In his farewell address as president, Dwight Eisenhower, who knew a thing or two about war, coined the phrase "military-industrial complex" to describe the "conjunction of an immense military establishment and a large arms industry ... new in the American experience."
As Eisenhower, the pride of Abilene, Kan., warned, "The total influence — economic, political, even spiritual — is felt in every city, every statehouse, every office of the federal government. ... Our toil, resources and livelihood are all involved; so is the very structure of our society."
This week, another Kansas Republican, Defense Secretary Robert M. Gates, took dead aim at Ike's nemesis by proposing to shift Pentagon spending priorities away from big-ticket weapons systems. He and Obama want to spend far less on strategic weapons and more on military manpower and tactical weapons used in counter-insurgency warfare.
Overall military spending — $664 billion next year, including the cost of the wars in Afghanistan and Iraq — would increase by 4 percent, but priorities would change. This revolution has been talked about for a long time, but the military-industrial complex and its allies in Congress have always beaten it back.
To be sure, they may beat it back this time, but odds are Gates and Obama will get most of what they asked for. With the federal budget already in record deficit, there's no way to pay for exotic weapons and increased manpower and readiness, too. Gates and Obama are right in their priorities.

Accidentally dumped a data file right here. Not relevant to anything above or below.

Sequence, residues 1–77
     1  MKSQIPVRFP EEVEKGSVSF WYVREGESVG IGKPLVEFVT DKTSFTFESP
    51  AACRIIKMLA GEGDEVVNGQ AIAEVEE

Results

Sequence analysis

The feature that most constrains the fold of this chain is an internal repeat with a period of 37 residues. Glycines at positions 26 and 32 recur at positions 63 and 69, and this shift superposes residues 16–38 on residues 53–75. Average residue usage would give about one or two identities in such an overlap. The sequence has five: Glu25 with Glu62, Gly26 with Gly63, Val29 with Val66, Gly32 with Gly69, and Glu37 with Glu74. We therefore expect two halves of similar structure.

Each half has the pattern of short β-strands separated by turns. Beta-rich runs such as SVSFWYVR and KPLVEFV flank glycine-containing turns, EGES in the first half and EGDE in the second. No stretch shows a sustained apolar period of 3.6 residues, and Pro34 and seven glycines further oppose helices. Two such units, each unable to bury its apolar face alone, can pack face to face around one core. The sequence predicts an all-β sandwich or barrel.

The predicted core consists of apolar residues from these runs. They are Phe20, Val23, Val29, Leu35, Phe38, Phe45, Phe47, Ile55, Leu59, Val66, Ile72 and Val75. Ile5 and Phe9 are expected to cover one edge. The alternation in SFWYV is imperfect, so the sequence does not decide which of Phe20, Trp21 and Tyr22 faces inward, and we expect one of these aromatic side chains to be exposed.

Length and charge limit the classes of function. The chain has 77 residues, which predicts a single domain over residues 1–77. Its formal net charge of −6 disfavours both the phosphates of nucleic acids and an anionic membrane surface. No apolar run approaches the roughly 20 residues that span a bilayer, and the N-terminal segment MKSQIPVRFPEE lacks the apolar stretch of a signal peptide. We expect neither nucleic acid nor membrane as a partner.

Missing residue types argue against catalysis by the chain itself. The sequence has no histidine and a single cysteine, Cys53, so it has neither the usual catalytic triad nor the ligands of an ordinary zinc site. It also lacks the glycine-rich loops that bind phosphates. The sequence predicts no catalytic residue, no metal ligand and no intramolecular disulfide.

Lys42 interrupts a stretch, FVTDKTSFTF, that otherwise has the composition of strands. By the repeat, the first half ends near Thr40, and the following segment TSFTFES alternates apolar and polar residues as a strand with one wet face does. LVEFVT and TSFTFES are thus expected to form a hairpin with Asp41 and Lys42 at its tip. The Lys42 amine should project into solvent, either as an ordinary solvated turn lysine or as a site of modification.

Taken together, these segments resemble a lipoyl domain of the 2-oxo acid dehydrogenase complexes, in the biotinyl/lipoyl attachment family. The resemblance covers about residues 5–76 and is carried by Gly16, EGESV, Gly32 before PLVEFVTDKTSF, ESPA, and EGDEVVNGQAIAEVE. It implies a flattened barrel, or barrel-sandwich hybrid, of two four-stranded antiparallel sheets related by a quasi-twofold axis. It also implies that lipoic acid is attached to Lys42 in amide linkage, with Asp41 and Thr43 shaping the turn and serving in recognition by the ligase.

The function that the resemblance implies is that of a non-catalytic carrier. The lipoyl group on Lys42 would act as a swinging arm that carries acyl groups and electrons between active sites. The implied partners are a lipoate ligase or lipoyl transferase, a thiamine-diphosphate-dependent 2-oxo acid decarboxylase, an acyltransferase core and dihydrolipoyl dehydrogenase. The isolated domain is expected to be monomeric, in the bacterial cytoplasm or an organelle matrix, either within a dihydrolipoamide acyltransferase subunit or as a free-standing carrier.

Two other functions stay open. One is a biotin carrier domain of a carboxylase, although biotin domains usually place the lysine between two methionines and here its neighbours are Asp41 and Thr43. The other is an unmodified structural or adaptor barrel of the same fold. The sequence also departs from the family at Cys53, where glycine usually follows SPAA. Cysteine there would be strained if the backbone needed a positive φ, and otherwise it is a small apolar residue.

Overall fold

This is a signal moment in the long battle to fix military procurement policies. Pentagon weapons systems are, collectively, nearly $300 billion over budget. Accountability is negligible. The system requires sound military and budgetary assessments and continual oversight. What Gates did this week, at long last, is a move in the right direction.
The most high-profile target on Mr. Gates' hit list is the Air Force's F-22 Raptor, a fighter plane so advanced that no other plane in the world is likely to touch it for at least 20 years. The Air Force wants 381 of them, but Gates wants to end production at 187. Reason: They cost $179 million each; $350 million each when development costs are rolled in.
Lockheed-Martin is the prime contractor for the F-22; Boeing's St. Louis-based defense unit is a major subcontractor, though few jobs here would be affected. Boeing also would be a loser in Gates' decision to whack $87 billion from the Army's Future Combat System contract for an eight-soldier high-tech fighting vehicle. Boeing St. Louis will continue to build 35 more F/A-18 Super Hornets for the Navy.
The military-industrial complex will fight these and other cuts with every weapon in its arsenal - lobbying campaigns, ad campaigns and political contributions. Too much is at stake to fall for facile arguments.
What Eisenhower said in 1961 still is true today: "Only an alert and knowledgeable citizenry can compel the proper meshing of the huge industrial and military machinery of defense with our peaceful methods and goals so that security and liberty may prosper together."
Reprinted From The St. Louis Post-Dispatch. Distributed By Creators Syndicate Inc.